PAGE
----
Nearly 50 percent of the fat in coconut oil is of a type rarely found in nature called lauric acid, a “miracle” compound because of its unique health promoting properties. Your body converts lauric acid into monolaurin, which has anti-viral, anti-bacterial and anti-protozoa properties. Coconut oil is also nature’s richest source of medium-chain fatty acids (MCFAs), also called medium-chain triglycerides or MCTs. By contrast, most common vegetable or seed oils are comprised of long chain fatty acids (LCFAs), also known as long-chain triglycerides or LCTs. LCTs are large molecules, so they are difficult for your body to break down and are predominantly stored as fat.

But MCTs , being smaller, are easily digested and immediately burned by your liver for energy — like carbohydrates, but without the insulin spike. MCTs actually boost your metabolism and help your body use fat for energy, as opposed to storing it, so it can actually help you become leaner.”

Proponents of coconut oil list myriad health benefits, including  support for skin, digestive issues, and  the symptoms of a low thyroid ( for us and for dogs). I could write a whole entry on this(and probably will at some point) but again,the bottom line is I feel we shouldn’t get carried away. Flax was a miracle food, fish oil cured cancer – let’s stay in balance and consider that adding any fat to a dog’s diet may be a good thing and it may not. Some dogs are very sensitive to fats, and will develop loose stool with enough coconut oil added to achieve the therapeutic effect. In those cases, you might want to try lowering the dietary content (by changing the recipe if you’re using home made, or trying a kibble with a lower content) so the oil can be added without placing stress on the system. In other words, you might replace some of the existing fat with the oil – don’t always just add it in.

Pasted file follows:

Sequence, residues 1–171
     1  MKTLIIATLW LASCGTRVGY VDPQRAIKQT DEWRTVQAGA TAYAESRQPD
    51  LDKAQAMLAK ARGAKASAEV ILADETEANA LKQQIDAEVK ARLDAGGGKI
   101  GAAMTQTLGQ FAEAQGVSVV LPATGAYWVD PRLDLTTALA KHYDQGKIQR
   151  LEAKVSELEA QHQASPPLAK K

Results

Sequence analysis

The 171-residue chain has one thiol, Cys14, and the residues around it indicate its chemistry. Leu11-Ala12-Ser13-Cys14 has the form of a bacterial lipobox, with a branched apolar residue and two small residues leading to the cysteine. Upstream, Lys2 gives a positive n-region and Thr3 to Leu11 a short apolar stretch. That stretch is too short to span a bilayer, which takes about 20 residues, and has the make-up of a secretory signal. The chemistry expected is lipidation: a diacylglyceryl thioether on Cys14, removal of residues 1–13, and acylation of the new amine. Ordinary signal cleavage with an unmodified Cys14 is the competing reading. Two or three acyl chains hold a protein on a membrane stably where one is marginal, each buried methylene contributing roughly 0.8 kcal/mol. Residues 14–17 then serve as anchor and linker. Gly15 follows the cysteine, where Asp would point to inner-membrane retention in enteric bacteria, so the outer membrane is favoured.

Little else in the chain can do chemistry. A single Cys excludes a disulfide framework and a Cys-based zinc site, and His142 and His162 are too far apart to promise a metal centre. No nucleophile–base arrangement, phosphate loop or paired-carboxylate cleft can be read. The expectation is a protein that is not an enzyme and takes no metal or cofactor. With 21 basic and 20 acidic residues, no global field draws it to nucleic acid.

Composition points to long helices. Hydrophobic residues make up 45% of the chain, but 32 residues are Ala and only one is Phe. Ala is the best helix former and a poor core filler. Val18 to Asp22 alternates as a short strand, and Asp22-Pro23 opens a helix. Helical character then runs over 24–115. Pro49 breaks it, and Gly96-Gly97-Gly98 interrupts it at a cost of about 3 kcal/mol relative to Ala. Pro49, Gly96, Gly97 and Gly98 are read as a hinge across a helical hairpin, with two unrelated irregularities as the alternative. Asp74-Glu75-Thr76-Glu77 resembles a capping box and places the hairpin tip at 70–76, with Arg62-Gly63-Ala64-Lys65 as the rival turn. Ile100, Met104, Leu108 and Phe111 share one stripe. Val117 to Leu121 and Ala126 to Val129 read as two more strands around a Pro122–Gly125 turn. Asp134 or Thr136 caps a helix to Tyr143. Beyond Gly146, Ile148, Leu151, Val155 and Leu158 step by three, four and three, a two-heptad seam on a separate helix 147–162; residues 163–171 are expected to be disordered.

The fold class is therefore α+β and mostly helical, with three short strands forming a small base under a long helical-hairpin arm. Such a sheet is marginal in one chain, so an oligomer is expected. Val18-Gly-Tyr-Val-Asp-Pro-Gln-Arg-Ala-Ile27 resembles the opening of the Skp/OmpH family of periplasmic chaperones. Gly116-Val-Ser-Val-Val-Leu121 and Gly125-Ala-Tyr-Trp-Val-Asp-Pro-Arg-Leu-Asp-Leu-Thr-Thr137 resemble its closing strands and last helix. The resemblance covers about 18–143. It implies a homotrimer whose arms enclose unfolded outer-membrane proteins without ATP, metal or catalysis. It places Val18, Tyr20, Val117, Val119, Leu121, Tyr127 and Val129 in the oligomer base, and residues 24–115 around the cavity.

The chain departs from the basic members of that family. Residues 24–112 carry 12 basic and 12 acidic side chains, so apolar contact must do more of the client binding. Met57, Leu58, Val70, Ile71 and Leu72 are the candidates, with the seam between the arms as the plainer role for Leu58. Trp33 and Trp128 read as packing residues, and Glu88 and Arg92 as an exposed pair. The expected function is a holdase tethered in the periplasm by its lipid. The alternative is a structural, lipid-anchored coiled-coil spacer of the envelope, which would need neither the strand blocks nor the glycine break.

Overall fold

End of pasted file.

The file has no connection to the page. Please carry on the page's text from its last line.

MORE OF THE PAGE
coconut_oil
Dosing is extremely important; Karen Becker, DVM, suggests” 1/4 teaspoon per 10 pounds body weight, twice a day“. That meant for MY fat-sensitive dog, who weighs 80 pounds, we would be using 2 teaspoons twice a day. But he had diarrhea on half that. If you do use it, consider it carefully and dose conservatively. Always, as with any supplement – ask yourself what it is you’re trying to achieve? If it’s help for a dull coat, assess the fat content and all nutrients in the diet – could be caused by something that more fat, even a good fat, won’t be able to fix. If your dog has a low thyroid, for heaven’s sake see a specialist! There is no solid scientific evidence I know of that supports the claims made about hypothyroidism.  See a veterinarian well-versed in endocrinology, or a specialist for yourself if you suspect low thyroid function.

http://www.mayoclinic.com/health/coconut-oil-thyroid/an01367

 

For a really good look at coconut oil in the human diet, check this out:

http://www.westonaprice.org/know-your-fats/new-look-at-coconut-oil

and note, again, I feel there are benefits and possible drawbacks to adding it to a canine diet. Don’t buy into the hype; see what works.

In closing, I would advise you to know the essential nutrient; vitamins, minerals fats and fatty acids, protein and amino acids, and then evaluate what is already in the diet before adding any extra. Learn the safe upper limits of these additions and what effect they can have on other nutrients – some, like calcium and phosphorus or copper and zinc, should be kept in a specific ratio or absorption issues may arise. I do add  coconut oil. selenium and zinc, often a Bcomplex, and almost always natural VitaminE to a canine diet, but that’s with precision knowledge of what the diet contains and how I’m using them. More is not necessarily better – if there’s a takeaway message for this group? That would be it.

Back shortly with Groups Two and Three. 🙂